Algorithm | Specified in | Security Level (bits) |
---|---|---|
AES-128 | [FIPS197], [ISOIEC-18033-3] | 128 |
AES-192 | [FIPS197], [ISOIEC-18033-3] | 192 |
AES-256 | [FIPS197], [ISOIEC-18033-3] | 256 |
Provide pre-image resistance, 2nd pre-image resistance, and collision resistance.
Algorithm | Specified in | Security Level (bits) |
---|---|---|
SHA-256 | [FIPS180-4], [ISOIEC-10118-3] | 128 |
SHA-384 | [FIPS180-4], [ISOIEC-10118-3] | 192 |
SHA-512 | [FIPS180-4], [ISOIEC-10118-3] | 256 |
SHA-512/t, 256 ≤ t < 512 | [FIPS180-4], [ISOIEC-10118-3] | t/2 |
SHA3-256 | [FIPS202], [ISOIEC-10118-3] | 128 |
SHA3-384 | [FIPS202], [ISOIEC-10118-3] | 192 |
SHA3-512 | [FIPS202], [ISOIEC-10118-3] | 256 |
Provide data authentication.
It is not uncommon to truncate the result of a MAC, but to be resistant, the final length should be at least 96 bits (see SOGIS Note 14-MACTruncation96 in [SOGISCrypto]). The Security Level cannot exceed the final length.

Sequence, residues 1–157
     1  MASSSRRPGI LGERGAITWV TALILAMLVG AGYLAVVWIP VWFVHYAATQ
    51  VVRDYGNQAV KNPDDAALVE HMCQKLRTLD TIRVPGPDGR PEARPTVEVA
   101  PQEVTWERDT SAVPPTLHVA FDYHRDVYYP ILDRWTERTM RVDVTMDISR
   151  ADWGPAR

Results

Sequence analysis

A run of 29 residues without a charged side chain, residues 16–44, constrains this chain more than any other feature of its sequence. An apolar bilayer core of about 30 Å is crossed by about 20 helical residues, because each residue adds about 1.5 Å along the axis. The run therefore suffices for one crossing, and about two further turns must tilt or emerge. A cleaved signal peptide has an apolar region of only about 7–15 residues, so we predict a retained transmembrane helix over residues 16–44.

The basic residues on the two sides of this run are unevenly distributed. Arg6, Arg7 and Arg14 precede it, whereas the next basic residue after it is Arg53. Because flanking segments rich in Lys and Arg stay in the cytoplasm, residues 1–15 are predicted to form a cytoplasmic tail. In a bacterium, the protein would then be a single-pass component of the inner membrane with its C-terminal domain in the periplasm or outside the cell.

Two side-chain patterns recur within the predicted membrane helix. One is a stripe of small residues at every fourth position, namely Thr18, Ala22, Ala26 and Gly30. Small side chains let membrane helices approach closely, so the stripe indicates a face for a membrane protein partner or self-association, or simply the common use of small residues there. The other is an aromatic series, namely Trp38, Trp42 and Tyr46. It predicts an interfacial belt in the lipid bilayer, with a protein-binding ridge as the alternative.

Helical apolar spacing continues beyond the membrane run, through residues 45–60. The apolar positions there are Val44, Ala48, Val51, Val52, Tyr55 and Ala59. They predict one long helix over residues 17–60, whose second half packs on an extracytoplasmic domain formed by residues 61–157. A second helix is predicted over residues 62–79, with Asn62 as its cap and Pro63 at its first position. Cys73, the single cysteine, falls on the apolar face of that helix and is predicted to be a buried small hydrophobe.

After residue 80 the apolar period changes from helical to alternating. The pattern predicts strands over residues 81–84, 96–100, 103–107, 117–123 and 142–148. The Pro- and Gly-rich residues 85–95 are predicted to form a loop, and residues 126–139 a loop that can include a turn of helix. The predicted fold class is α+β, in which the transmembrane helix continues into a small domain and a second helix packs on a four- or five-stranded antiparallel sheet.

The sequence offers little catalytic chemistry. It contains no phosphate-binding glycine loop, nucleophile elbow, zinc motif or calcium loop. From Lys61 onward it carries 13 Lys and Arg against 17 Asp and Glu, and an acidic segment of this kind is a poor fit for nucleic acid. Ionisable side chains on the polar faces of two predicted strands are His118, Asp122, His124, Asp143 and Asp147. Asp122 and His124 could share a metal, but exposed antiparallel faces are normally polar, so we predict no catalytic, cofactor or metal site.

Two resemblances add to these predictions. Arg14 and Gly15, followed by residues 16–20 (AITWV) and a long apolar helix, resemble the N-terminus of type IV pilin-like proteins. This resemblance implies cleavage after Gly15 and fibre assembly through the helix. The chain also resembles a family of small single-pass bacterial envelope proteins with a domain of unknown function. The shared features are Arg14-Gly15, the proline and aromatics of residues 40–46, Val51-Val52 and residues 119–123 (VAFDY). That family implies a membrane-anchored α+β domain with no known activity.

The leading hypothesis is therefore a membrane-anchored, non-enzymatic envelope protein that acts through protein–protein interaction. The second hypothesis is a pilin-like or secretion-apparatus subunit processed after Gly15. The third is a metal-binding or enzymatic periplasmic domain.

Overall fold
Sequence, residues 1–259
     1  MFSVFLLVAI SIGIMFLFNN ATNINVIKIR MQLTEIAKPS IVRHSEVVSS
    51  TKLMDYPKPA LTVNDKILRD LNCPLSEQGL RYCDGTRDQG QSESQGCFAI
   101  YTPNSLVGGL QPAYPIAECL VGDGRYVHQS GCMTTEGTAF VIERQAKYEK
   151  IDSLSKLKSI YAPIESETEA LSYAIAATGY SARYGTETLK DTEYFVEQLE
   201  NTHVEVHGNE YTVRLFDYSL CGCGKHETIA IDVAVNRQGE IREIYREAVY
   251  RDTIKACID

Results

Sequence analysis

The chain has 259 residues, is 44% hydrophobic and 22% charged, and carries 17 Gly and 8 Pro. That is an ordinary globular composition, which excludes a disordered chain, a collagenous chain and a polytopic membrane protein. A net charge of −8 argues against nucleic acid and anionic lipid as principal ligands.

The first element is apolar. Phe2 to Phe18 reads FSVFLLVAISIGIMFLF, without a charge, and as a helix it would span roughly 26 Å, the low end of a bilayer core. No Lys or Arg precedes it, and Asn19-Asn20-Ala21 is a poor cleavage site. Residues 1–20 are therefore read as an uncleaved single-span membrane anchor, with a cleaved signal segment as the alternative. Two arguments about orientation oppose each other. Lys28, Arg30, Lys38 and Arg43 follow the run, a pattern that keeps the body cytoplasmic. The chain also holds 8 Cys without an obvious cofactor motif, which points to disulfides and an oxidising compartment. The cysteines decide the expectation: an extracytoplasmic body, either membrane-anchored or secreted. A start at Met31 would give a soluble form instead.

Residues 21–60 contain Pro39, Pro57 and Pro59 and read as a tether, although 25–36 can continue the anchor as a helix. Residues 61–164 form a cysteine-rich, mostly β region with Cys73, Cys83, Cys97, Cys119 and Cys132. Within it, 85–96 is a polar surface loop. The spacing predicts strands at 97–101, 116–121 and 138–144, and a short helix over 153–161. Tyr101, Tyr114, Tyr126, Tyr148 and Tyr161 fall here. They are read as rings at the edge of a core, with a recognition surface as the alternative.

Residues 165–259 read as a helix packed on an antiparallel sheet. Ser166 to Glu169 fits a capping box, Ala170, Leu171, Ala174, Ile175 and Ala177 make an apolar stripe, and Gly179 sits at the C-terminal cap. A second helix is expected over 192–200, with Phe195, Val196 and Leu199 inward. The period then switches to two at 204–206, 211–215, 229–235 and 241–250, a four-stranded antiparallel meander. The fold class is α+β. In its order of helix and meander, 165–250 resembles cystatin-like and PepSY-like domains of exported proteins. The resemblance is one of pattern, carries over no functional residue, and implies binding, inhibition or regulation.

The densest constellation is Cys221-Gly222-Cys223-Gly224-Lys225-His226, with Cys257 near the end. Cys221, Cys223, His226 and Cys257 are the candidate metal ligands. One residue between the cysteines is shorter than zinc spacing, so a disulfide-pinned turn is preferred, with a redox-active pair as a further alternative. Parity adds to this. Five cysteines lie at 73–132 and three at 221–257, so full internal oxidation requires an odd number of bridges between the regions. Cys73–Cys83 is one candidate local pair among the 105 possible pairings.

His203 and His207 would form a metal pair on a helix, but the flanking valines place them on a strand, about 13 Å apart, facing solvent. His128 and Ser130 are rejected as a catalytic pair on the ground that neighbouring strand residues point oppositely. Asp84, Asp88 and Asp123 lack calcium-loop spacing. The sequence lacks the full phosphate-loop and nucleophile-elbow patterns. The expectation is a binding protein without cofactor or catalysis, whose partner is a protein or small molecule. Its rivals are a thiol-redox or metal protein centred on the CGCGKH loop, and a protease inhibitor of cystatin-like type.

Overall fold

Algorithm | Specified in | Security Level (bits) |
---|---|---|
HMAC | [FIPS198-1] | Minimum of the length of the output of the hash used^{[2]}, one-half of the number of bits in the hash state^{[3]}, or the number of bits in the HMAC key. |
CMAC | [SP800-38B] | Equal to the minimum of the security strength of the underlying cipher and the length of the output MAC. |
GMAC | [SP800-38D] | Equal to the minimum of the security strength of the underlying cipher and the length of the output MAC. |
[2]Both due to the obvious guessing attack, and covers the case where the supplied key is hashed for the HMAC.
[3]Based on a birthday attack; a collision of the final state can lead to an existential forgery of longer messages with the same prefix.
The underlying cryptographic algorithms used in HMAC, CMAC or GMAC need to be 112-bit security strength at least and part of the list of FIDO allowed cryptographic algorithms.
SOGIS gives some additional recommendations for the use of GMAC, including IV (length must be equal to 96 bits) or MAC length (must be one of the values 96, 104, 112, 120, and 128 bits). See [SOGISCrypto] for the complete list of recommendations.
Provide confidentiality and data authentication.
Algorithm | Specified in | Security Level (bits) |